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Phillies vs. Yankees: How They Got Here

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One is baseball's most storied franchise; the other is trying to shake off a mostly losing legacy. One is lionized and loathed in roughly equal measure; the other, though the reigning World F. Champions and boasting a clutch of likable stars, is to an extent still introducing itself to the world. But the shared strengths of the Phillies and Yankees—power throughout the lineup, rotations fronted by former Cleveland Indians aces, a flair for dramatic late-inning rallies, demonstrated ability to win both at home and on the road, and tight-knit clubhouses where "intangibles" seem to march in lockstep with talent—have baseball fans excitedly anticipating the first really memorable World Series in years.

As SBN blogger John Sickels observes, the teams were also constructed in similar ways: each boasts a homegrown core of superstars, surrounded by free agent or trade acquisitions that superbly complement the farm system products. For how differently they're perceived--and the unusual coincidence, particularly notable after the near-civil war vibe of the NLCS against the Dodgers, that neither team includes a former member of the other on the active roster (sorry, Miguel Cairo)--the opposing dugout will be something of a funhouse mirror for however long the Series goes. 

The only real divergence of note is where they’ve typically done their shopping: Sharper Image for New York, Value City for the Phils. The Yankees wrote checks totaling more than $50 million this year to imports C.C. Sabathia, Mark Teixiera and A.J. Burnett, while the Phils are paying Jayson Werth, Joe Blanton and Pedro Martinez around $10 million combined. (To be fair, the Phils are paying retail for free-agent pickup Raul Ibanez, while the Yanks got great value for trade acquisition Nick Swisher.)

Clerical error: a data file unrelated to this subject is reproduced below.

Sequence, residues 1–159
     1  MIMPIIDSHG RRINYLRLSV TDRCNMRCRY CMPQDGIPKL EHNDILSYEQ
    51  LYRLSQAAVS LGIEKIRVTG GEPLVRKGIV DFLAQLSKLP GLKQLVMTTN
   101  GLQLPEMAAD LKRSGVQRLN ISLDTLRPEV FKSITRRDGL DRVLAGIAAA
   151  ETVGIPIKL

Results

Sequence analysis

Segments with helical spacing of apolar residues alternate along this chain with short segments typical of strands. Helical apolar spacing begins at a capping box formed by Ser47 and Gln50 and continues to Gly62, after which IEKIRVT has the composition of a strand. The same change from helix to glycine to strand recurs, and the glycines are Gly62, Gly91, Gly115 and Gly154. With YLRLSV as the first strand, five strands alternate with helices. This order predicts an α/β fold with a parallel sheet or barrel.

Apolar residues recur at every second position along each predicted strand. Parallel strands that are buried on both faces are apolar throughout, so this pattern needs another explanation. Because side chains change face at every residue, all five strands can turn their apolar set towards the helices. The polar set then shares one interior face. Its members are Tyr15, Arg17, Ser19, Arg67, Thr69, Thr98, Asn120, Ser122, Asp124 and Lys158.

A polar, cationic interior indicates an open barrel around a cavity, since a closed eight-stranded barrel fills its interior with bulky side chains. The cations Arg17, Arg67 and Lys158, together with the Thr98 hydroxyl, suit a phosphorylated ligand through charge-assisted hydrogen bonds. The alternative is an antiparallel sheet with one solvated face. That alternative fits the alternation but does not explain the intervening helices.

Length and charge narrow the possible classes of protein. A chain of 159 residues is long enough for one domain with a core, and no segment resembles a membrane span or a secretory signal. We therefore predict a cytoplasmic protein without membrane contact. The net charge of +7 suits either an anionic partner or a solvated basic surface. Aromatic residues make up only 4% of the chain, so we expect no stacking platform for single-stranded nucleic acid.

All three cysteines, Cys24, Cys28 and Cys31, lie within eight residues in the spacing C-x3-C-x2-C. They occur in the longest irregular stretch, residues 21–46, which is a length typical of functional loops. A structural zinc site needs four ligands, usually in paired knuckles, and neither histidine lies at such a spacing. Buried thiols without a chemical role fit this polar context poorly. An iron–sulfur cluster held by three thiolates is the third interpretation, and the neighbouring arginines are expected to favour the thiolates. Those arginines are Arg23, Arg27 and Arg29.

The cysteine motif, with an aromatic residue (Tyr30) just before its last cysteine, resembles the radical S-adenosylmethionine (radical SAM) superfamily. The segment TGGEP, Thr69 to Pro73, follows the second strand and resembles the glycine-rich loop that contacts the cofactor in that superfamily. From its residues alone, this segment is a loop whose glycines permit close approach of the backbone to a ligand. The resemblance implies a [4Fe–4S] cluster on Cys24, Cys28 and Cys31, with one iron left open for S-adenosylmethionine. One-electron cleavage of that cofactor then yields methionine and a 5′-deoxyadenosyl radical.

It might come as a surprise that the Yankees are actually more home-grown than the Phils: 12 of the players on their 25-man roster were originally signed by the organization (including Andy Pettitte, who left and came back), compared to 9 for the defending World Champs. The difference here is that the Yankees’ developed stars reached the majors in two very distinct eras: the mid-‘90s, when Derek Jeter, Jorge Posada, Pettitte and Mariano Rivera arrived on the scene to spark the dynastic Joe Torre champions, and about ten years later, when Robinson Cano, Melky Cabrera, Phil Hughes, Joba Chamberlain and others showed up to provide the depth and cohesion that had gone missing from the early-'00s menagerie of mega-stars and head cases. While the work of Sabathia, Teixiera, Alex Rodriguez and the other big names has gotten the attention, the contributions of the relatively modestly paid young Yankees in 2009 might explain why they’re back in the World Series where their recent predecessors fell short.

One edge the Phillies have, unusual for an underdog, is World Series experience. All but five members of the current roster—Antonio Bastardo, Cliff Lee, Paul Bako, Raul Ibanez, and Ben Francisco—are veterans of the 2008 Series win over Tampa Bay. Only nine of the 25 Yankees—Pettitte, Rivera, Posada, Jeter, Hideki Matsui, Damaso Marte, Jose Molina, Johnny Damon, and Eric Hinske—have played in the Fall Classic, as has manager Joe Girardi. In a matchup where the Phils might need every little edge to prevail against by far the most formidable foe they’ve faced in the last two Octobers, here’s hoping that turns out to be significant.